The chart to the right shows the survival rate for IPF patients. It is not good; my eventual decline is inevitable, and at three years since my diagnosis, I am just now about to enter the critical 50% mean of the curve. But I've now passed all the hurdles for financial and medical qualification, and once my condition does start to deteriorate (I'm being re-evaluated every 90 days), my status on the waiting list will be changed to "active". In this case, even if I were to receive an offer of an organ the very next day, all the paperwork would be in place to actually admit me and begin surgery right away.

And that opens up the door to a new "adventure" all of its own; I haven't even begun to touch upon the surgery itself, the follow-up, the therapy, the drugs, the potential rejection issues, and so much more. It's not something I find especially pleasant to think about, but I'll write more about that later. One step at a time, and this step was more like a giant leap.



  • At 3/15/2006 06:12:00 PM, Blogger Janelle said…

    I am very happy for you, even though looking at the chart is pretty scary I wish you the best of outcomes no matter what happends and when you have your surgery I will be in my mind and I will be praying for you. It's nice to have good news about wonderful people.

  • At 3/15/2006 06:12:00 PM, Blogger Janelle said…

    I meant to say that you will be in my mind...not I will be in my mind..

  • At 3/15/2006 07:06:00 PM, Blogger Mr. Toast said…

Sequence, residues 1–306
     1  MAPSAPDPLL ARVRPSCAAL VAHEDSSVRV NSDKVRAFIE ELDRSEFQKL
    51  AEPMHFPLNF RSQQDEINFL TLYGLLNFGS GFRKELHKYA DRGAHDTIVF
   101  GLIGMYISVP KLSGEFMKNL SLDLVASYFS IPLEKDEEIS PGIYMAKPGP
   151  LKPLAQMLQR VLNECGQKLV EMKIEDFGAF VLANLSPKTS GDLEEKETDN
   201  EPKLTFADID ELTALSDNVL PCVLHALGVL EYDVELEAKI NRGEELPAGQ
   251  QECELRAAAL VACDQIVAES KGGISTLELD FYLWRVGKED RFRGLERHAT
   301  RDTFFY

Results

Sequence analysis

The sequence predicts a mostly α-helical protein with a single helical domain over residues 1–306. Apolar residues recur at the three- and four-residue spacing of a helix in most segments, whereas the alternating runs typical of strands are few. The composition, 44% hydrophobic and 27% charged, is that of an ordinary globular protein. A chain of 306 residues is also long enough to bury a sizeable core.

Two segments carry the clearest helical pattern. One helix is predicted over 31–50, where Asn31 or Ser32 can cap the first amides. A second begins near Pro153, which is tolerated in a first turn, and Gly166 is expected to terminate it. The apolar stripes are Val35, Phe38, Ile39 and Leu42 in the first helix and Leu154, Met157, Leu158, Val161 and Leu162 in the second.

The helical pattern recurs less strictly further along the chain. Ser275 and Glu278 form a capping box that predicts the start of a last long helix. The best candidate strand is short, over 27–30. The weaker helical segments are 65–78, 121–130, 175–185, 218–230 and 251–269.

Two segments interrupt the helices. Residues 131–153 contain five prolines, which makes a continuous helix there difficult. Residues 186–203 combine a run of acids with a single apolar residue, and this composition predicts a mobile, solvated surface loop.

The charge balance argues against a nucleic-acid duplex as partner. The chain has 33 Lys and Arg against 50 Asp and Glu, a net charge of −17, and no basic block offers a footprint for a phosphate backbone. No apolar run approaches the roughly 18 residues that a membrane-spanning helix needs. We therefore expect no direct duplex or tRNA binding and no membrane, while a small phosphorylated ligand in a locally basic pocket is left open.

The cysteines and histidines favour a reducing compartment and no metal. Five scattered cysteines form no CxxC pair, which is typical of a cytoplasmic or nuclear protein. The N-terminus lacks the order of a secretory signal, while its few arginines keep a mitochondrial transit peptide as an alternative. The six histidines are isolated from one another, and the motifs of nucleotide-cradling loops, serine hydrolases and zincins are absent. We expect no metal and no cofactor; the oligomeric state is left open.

I knew what you meant. :^) And thanks, I appreciate it a lot.

  • At 3/15/2006 07:49:00 PM, Blogger April said…

    Congrats on the news. That is a huge step. I understand the logic behind the organ list...give it to the person who needs it the most.. but If you are that person, that means you are pretty sick, and doesn't that mean that the post-op stuff is going to be MORE complicated and dangerous? I just think its weird that you can't get a lung (s) until you are so sick that they don't know if sergery will be successful.

    But I am very excited for you, and hope that your name races to the top of this "list". Its a long journey ahead, but you have Mrs. Toast to help you through, not to mention all of us here in the blog world. :)

  • At 3/22/2006 12:28:00 AM, Blogger Mr. Toast said…

    April, this means more to me than you might realize. I know "virtual" friends are way different from those in real life, but we (and I include Janelle, Brandi, and all of you guys) have been reading and commenting on each other's blogs for quite some time now, and I almost feel like I do know y'all. One thing I can say for sure: I've never been exactly what you would call devout, but I don't underestimate the power of prayer in this situation. I truly believe that one of the reasons I've done relatively well so far is due to the blessings of family and friends who are pulling for me. Call it "prayer" if you're a believer, "good wishes" or "positive energy" if you're not, but every little bit helps.